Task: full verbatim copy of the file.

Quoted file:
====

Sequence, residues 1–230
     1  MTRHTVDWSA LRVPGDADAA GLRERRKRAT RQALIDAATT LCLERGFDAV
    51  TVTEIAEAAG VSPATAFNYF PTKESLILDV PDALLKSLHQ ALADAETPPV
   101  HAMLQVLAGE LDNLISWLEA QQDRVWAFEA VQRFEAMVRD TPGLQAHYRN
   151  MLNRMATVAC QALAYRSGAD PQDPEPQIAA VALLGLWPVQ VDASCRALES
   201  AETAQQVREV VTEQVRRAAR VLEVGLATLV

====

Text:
Sequence, residues 1–230
     1  MTRHTVDWSA LRVPGDADAA GLRERRKRAT RQALIDAATT LCLERGFDAV
    51  TVTEIAEAAG VSPATAFNYF PTKESLILDV PDALLKSLHQ ALADAETPPV
   101  HAMLQVLAGE LDNLISWLEA QQDRVWAFEA VQRFEAMVRD TPGLQAHYRN
   151  MLNRMATVAC QALAYRSGAD PQDPEPQIAA VALLGLWPVQ VDASCRALES
   201  AETAQQVREV VTEQVRRAAR VLEVGLATLV